Friday, February 22, 2008

Killed, wounded and living in fear

I know what you think you're going to read. Put that aside. This is not about some grubby hole 10,000 miles from where you sit. This could be next door. It might even be where you live.
Compare the raw numbers. In the same seven-year period when 4,588 U.S. soldiers and police officers were killed by hostiles or by accident, more than 8,000 women – nearly twice as many – were shot, stabbed, strangled, or beaten to death by the intimate males in their lives. In Canada, compared to the 101 Canadian soldiers and police officers killed, more than 500 women – nearly five times as many – met the same fate.

Those are the deaths. Then there are the wounded. In the same period, about 24,000 U.S. military were wounded in Iraq and Afghanistan, while about 80 Canadians were wounded in Afghanistan.

In the United States, it's conservatively estimated that in addition to the 1,200 to 1,300 women killed each year by intimate partners, another 5.3 million, age 18 and older, are victims of non-lethal domestic abuse.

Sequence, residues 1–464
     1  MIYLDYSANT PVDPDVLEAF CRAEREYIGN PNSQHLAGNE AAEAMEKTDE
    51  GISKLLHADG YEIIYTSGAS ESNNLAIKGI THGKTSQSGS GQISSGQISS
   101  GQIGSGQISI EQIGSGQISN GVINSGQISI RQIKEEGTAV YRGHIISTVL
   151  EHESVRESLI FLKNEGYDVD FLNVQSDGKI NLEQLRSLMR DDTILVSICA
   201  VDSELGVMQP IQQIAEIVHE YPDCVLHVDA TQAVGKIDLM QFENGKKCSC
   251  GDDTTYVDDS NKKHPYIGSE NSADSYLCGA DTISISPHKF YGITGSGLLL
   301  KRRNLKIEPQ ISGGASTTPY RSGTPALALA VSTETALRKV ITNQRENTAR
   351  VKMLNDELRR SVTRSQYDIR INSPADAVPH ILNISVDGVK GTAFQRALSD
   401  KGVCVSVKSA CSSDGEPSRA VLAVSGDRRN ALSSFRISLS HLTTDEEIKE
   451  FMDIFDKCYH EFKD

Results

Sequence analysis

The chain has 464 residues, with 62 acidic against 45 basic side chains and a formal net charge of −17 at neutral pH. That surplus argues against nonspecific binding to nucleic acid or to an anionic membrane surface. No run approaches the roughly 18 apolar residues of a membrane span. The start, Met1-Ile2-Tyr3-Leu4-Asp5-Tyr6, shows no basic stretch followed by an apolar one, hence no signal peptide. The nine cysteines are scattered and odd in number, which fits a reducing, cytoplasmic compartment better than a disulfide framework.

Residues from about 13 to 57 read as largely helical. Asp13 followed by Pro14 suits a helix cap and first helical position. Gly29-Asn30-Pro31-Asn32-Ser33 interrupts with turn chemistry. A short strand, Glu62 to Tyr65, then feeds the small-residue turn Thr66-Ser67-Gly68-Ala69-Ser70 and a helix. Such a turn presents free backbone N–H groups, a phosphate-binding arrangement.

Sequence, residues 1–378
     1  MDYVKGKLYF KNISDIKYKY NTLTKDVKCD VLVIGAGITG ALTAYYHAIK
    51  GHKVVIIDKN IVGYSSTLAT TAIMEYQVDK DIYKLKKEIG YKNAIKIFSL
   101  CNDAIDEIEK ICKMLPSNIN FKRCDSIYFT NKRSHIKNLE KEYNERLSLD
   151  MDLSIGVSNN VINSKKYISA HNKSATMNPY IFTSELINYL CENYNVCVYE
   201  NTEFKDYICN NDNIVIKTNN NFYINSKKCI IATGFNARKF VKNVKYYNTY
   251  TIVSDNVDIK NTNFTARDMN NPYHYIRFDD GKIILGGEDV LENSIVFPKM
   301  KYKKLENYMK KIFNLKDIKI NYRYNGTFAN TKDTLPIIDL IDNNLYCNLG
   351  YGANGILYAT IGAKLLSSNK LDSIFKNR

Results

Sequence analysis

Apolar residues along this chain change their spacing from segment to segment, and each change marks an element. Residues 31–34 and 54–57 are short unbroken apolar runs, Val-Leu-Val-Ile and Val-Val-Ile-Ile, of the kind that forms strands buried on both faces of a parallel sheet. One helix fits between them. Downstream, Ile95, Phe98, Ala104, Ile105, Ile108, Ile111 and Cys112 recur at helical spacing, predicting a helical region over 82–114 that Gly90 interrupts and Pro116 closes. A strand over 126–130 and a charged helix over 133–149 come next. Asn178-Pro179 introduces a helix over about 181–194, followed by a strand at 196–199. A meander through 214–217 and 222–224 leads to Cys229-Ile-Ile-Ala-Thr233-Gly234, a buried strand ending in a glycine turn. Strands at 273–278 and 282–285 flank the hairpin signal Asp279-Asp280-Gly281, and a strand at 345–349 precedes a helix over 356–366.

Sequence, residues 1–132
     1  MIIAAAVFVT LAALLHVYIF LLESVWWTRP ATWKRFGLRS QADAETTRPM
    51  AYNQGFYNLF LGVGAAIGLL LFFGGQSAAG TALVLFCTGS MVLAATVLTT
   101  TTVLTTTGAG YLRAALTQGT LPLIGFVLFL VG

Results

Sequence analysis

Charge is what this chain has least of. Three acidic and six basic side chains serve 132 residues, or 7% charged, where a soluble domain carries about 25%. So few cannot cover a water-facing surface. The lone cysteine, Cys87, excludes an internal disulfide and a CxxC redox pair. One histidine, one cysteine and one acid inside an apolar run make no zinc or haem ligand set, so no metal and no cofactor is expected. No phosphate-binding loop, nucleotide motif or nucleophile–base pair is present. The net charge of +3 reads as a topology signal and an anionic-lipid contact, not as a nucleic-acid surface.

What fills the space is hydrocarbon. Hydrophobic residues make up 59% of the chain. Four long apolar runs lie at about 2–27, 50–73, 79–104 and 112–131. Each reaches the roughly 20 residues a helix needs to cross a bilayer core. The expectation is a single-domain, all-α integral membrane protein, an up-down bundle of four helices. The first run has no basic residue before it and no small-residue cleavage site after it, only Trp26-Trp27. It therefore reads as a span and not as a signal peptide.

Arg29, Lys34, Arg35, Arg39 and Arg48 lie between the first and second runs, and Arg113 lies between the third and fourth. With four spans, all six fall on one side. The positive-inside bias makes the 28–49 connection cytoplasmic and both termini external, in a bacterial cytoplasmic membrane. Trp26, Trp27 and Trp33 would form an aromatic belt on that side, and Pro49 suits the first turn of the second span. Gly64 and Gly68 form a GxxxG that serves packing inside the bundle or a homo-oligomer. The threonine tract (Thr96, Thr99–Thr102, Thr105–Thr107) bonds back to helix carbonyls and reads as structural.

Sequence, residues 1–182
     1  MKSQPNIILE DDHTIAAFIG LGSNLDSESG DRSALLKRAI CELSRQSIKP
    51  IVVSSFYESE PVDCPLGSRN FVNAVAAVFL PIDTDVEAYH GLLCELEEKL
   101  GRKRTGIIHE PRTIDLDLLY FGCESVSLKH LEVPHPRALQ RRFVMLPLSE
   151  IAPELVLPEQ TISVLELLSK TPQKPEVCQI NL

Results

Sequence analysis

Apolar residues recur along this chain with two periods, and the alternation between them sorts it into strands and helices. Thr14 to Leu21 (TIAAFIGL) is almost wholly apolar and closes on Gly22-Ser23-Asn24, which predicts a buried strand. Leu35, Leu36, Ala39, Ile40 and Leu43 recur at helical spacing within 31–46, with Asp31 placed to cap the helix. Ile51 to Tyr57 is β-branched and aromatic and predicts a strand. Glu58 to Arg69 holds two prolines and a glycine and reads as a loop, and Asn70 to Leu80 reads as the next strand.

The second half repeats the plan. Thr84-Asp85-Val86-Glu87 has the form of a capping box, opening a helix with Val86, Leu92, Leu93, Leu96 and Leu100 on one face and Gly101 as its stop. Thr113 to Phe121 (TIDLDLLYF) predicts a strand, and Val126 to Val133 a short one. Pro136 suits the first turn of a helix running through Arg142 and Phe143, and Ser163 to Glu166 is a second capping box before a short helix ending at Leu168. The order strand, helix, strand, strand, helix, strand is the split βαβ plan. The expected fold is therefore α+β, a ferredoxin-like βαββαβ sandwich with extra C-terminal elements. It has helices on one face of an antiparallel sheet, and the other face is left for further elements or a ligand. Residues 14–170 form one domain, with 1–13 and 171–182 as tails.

Based on those numbers, the violence costs the country more than $5.8 billion annually – nearly $4.1 billion in direct medical and mental health care, and $1.8 billion in lost productivity and lost earnings due to homicide.

These numbers are believed to underestimate the problem for several reasons, and additional efforts are needed to determine more accurately the full cost of intimate-partner victimization of women in the United States.

In Canada, the federal government estimates the annual cost of violence against women at $1.1 billion in direct medical costs alone. That figure rises to more than $4 billion a year when social services, lost productivity, lost earnings, and police, court, and prison costs are factored in.

Wars usually produce large numbers of refugees: witness the United Nations camps scattered around the world. And the War on Women has its own refugee camps, in the form of the 2,500 or so shelters for battered women and their children across North America.

In the United States, more than 300,000 women and children seek safety in shelters each year. In Canada, the number is between 90,000 and 100,000.

That is an excerpt from the book The War on Women: Elly Armour, Jane Hurshman, and Criminal Violence in Canadian Homes, by Brian Vallée.

Antonia has more. A lot more. Go read.

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